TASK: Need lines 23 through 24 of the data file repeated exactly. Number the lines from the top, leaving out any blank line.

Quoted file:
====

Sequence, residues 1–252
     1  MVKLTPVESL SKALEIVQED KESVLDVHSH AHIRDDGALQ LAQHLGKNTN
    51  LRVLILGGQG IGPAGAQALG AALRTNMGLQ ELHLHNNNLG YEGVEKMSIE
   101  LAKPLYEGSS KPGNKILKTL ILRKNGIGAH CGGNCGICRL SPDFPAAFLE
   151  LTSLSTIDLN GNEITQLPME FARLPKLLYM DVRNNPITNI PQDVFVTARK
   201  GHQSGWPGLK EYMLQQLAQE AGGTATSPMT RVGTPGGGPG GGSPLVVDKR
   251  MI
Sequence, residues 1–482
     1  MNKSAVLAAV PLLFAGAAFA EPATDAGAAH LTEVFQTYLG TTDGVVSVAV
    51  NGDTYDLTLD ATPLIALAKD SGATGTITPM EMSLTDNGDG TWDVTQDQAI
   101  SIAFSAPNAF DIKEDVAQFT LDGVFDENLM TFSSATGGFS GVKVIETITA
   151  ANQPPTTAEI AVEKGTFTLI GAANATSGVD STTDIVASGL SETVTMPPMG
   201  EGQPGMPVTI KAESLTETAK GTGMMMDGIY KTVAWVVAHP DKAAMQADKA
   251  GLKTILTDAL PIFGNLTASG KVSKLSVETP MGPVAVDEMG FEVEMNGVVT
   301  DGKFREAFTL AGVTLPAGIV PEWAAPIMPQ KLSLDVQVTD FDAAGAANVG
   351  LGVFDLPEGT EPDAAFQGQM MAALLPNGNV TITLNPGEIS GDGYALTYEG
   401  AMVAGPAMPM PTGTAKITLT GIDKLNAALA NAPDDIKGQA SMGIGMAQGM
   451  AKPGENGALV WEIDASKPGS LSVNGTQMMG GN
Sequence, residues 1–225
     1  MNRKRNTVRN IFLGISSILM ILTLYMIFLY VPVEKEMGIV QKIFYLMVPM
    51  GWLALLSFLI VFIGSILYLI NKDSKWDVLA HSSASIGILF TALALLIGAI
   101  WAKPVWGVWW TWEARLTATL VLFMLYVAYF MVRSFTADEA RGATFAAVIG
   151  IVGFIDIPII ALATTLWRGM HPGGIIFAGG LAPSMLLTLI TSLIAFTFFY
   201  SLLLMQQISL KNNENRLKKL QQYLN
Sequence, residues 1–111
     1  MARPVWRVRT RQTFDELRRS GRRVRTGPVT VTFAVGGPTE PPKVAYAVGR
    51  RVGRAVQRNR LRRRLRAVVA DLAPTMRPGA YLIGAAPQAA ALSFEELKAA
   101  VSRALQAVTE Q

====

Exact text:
   151  IVGFIDIPII ALATTLWRGM HPGGIIFAGG LAPSMLLTLI TSLIAFTFFY
   201  SLLLMQQISL KNNENRLKKL QQYLN